Auto Service World
News   March 20, 2023   by Auto Service World Staff

Training Manual For Truck Drivers Starting Their Career


Starting a career as a truck driver can be exciting, but it’s also important to understand what it involves. 

This training manual covers everything you need to know to begin your journey as a professional truck driver, from understanding the demand for drivers to obtaining your commercial driver’s license (CDL), choosing the right training program, and managing the financial aspects of training—we’ve got you covered.

Understanding the trucking industry

The trucking industry is an important part of the economy. In this section, we will look into the dynamics of the trucking industry, shedding light on its demand for drivers, the diverse individuals who pursue careers in trucking, the impact on family life, and the secrets to success in this challenging yet rewarding profession.

Is there a demand for truck drivers?

Currently, there is a significant demand for truck drivers, making it an opportune time to enter the industry. However, despite this high demand, trucking companies need help in filling job vacancies due to factors such as an aging workforce and industry growth outpacing the rate of new entrants.

Who are the people that become truck drivers?

Truck drivers come from diverse backgrounds and are motivated by various factors. While some are drawn to the freedom and independence of the job, others are attracted by the stability and competitive pay. Successful truck drivers often share traits such as responsibility, reliability, and a strong work ethic.

The impact on family life

One of the significant challenges truck drivers face is the extensive time spent away from home. This lifestyle can profoundly impact both the driver and their family members. It is crucial for individuals considering a career in trucking to have open discussions with their families about the potential challenges and to establish strategies for maintaining communication and connection while on the road.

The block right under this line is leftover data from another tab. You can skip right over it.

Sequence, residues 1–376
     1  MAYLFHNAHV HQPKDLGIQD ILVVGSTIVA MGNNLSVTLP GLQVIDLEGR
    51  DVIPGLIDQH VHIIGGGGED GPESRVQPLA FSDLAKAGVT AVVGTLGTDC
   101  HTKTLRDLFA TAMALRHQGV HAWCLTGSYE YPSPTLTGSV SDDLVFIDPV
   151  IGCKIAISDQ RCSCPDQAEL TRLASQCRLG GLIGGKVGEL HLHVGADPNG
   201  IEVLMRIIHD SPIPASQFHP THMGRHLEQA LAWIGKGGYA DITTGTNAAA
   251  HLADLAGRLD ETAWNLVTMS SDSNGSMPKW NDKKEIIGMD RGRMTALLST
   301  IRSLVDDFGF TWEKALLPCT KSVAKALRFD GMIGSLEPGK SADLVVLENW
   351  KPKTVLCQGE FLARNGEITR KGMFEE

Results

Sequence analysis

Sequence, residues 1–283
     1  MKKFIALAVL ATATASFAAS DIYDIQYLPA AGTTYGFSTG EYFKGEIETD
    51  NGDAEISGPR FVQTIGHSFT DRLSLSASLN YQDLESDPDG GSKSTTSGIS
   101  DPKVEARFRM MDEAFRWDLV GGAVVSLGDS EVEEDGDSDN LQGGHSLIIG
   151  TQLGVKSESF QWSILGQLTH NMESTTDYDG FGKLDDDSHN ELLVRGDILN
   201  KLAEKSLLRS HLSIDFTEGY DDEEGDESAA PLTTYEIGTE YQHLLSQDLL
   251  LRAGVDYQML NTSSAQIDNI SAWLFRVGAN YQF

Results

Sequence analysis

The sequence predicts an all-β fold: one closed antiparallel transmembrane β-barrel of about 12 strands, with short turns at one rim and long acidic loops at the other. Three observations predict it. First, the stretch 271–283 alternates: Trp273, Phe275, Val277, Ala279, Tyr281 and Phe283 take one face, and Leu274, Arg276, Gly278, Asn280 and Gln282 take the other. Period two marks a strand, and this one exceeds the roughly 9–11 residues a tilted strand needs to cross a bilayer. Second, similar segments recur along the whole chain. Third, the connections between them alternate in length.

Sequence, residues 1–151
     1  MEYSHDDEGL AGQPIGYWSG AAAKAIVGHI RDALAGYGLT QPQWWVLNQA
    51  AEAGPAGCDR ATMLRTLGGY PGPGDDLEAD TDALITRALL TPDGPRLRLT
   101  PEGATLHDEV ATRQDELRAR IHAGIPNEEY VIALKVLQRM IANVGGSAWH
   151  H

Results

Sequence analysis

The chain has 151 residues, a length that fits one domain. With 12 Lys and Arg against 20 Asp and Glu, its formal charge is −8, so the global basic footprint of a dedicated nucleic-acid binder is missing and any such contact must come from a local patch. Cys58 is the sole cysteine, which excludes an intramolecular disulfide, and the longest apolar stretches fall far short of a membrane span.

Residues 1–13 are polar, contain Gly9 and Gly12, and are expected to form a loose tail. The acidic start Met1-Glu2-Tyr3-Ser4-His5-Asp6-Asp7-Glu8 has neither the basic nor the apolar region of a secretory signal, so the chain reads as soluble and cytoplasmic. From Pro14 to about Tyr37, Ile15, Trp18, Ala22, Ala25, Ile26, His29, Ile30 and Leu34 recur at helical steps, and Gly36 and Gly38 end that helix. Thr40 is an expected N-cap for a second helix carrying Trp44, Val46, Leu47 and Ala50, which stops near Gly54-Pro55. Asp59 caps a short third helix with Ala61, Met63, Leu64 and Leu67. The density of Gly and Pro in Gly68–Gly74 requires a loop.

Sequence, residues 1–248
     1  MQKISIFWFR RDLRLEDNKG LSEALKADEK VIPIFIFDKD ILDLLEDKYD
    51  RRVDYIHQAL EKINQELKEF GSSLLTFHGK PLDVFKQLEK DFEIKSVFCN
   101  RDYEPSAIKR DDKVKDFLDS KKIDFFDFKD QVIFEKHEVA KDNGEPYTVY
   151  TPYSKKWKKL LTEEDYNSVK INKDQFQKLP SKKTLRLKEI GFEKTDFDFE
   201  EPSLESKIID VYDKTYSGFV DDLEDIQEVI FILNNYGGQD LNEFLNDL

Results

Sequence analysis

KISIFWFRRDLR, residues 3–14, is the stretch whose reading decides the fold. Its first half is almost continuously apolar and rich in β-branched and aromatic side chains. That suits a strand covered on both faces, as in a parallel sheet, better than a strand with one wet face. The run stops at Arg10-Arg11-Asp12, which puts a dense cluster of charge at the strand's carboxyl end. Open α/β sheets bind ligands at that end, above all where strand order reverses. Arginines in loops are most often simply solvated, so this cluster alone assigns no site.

Secrets to success

Becoming a successful truck driver goes beyond simply obtaining a commercial driver’s license (CDL). It requires a combination of essential skills, including effective communication, time management, and adaptability. Setting clear goals, continuously seeking opportunities for learning and improvement, and prioritizing safety and professionalism are key factors in achieving success in the trucking industry.

Getting started with your trucking career

Starting a career in trucking can be really exciting, but it’s important to plan ahead and get everything in order. Let’s take a look at all the information and tools you need to start your journey in the trucking industry with confidence.

Training and education 

Starting a career as a truck driver requires good training and education to handle the job well. Here’s a closer look at how you can get the right training.\

  1. Truck driving schools: These schools teach you everything you need to know about driving trucks. You’ll learn in the classroom and practice driving on the road with experienced instructors.